I1.07: Section 5 Part 1

Section 5: Using Models.xls to find a quadratic model

If we wish to find a model for the data on the right, this quick scatter plot of the data shows that a straight line will not be sufficient. Such parabolic shapes (similar to the path of a thrown ball) is instead represented mathematically by a quadratic formula, in which the term that contains the input variable x is squared.


There are several ways to write a quadratic formula, all of which can make the same curves. For use in fitting data, the best kind of quadratic formula is y = a (x h) 2 + v, where the parameters h and v are the x and y coordinates of the vertex of the parabola (that is, its highest or lowest point), and a is a “shape” parameter that determines how sharply (and in which direction) the parabola bends.

The quadratic formula pattern that is most convenient for fitting models: [latex]y=a\cdot{{(x-h)}^{2}}+v[/latex]

a is a “shape” parameter controlling how much (and in which direction) the parabola bends

h is the x coordinate of the vertex (its horizontal distance from the origin)

v is the y coordinate of the vertex (its vertical distance from the origin)

Examples: [latex]y=3\cdot{{(x-2)}^{2}}+8[/latex]   [latex]y=2.5\cdot{{(x-7)}^{2}}-33.4[/latex]   [latex]y=-2\cdot{{(x+3.5)}^{2}}+37[/latex]


time height
x y
0 0.0
1 8.6
2 16.8
3 24.4
4 31.5
5 37.4
6 43.8
7 48.9
8 54.4
9 58.9
10 63.3
11 66.5
12 69.7
13 72.2
14 74.5
15 76.2
16 77.8
17 78.1
18 79.0
19 78.5
20 78.0
21 76.9
22 75.6
23 73.0
24 70.3
25 67.3
26 63.7
27 60.0
28 55.0
Examples of graphs of various quadratic formulas
graph1 graph2 graph3 graph4
[latex]y=3\cdot{{(x-2)}^{2}}+8[/latex] [latex]y=-1.2\cdot{{(x-2.5)}^{2}}-50[/latex] [latex]y=18\cdot{{(x+3)}^{2}}-158[/latex] [latex]y=3\cdot{{(x+7)}^{2}}-300[/latex]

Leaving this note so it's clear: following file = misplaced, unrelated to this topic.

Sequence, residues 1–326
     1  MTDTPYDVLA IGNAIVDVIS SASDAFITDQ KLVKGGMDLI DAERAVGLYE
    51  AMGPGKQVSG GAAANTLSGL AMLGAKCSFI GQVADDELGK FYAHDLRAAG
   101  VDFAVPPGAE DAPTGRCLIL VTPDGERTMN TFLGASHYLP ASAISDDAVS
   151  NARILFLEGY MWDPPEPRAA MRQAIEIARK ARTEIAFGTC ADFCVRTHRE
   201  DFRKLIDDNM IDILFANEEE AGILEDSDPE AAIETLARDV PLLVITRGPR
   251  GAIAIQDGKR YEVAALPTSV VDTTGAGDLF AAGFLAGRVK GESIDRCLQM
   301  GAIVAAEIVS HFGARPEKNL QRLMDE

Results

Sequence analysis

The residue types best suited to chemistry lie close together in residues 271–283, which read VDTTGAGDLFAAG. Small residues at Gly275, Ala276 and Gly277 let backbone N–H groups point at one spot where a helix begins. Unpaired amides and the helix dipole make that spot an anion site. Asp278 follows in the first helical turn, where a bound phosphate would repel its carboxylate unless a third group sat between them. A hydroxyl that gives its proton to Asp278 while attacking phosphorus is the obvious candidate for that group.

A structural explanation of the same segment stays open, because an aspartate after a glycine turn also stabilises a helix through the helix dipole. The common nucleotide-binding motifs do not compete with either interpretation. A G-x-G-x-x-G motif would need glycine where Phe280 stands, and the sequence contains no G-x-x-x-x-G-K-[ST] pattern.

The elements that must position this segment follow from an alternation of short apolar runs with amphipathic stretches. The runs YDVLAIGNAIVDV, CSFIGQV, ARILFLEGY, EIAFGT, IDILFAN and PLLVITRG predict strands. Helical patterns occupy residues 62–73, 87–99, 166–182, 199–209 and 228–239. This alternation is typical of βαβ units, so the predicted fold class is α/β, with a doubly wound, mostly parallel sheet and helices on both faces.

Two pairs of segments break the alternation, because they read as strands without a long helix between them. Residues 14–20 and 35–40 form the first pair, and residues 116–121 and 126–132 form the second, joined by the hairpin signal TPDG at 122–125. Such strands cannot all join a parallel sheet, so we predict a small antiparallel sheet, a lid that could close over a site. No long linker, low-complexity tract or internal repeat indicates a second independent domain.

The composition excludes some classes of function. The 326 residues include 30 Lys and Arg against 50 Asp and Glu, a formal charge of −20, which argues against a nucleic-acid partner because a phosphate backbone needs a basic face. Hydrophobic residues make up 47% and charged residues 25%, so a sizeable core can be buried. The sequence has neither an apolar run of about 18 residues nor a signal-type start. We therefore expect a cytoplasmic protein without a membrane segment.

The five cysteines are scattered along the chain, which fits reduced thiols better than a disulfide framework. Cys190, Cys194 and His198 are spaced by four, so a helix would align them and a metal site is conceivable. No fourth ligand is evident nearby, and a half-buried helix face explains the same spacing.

Example 5: For each of the formulas above, state the location of the vertex of the parabola formed.

Solution: Since the vertex is at (h,v) when a formula is expressed in the form,      the coordinates for the vertices are: (2, 8) (2.5, −50) (−3, −158) (−7, −300)

Note that the sign of the x vertex coordinate is the opposite of the sign that the same number has in the formula, since the h value is subtracted when forming the formula.

Quadratic models are somewhat more complicated than linear ones, as is indicated by the fact that a quadratic model has three parameters instead of two. But there is really very little difference in the fitting process from what is done for straight lines: [1] put the data in the appropriate worksheet, [2] spread the C3:E3 formulas down beside the data, [3] make a graph and adjust the vertex (instead of the intercept) and the shape (instead of the slope) until the model and the data match, and [5] write down the formula or use it to predict any values you have been asked for.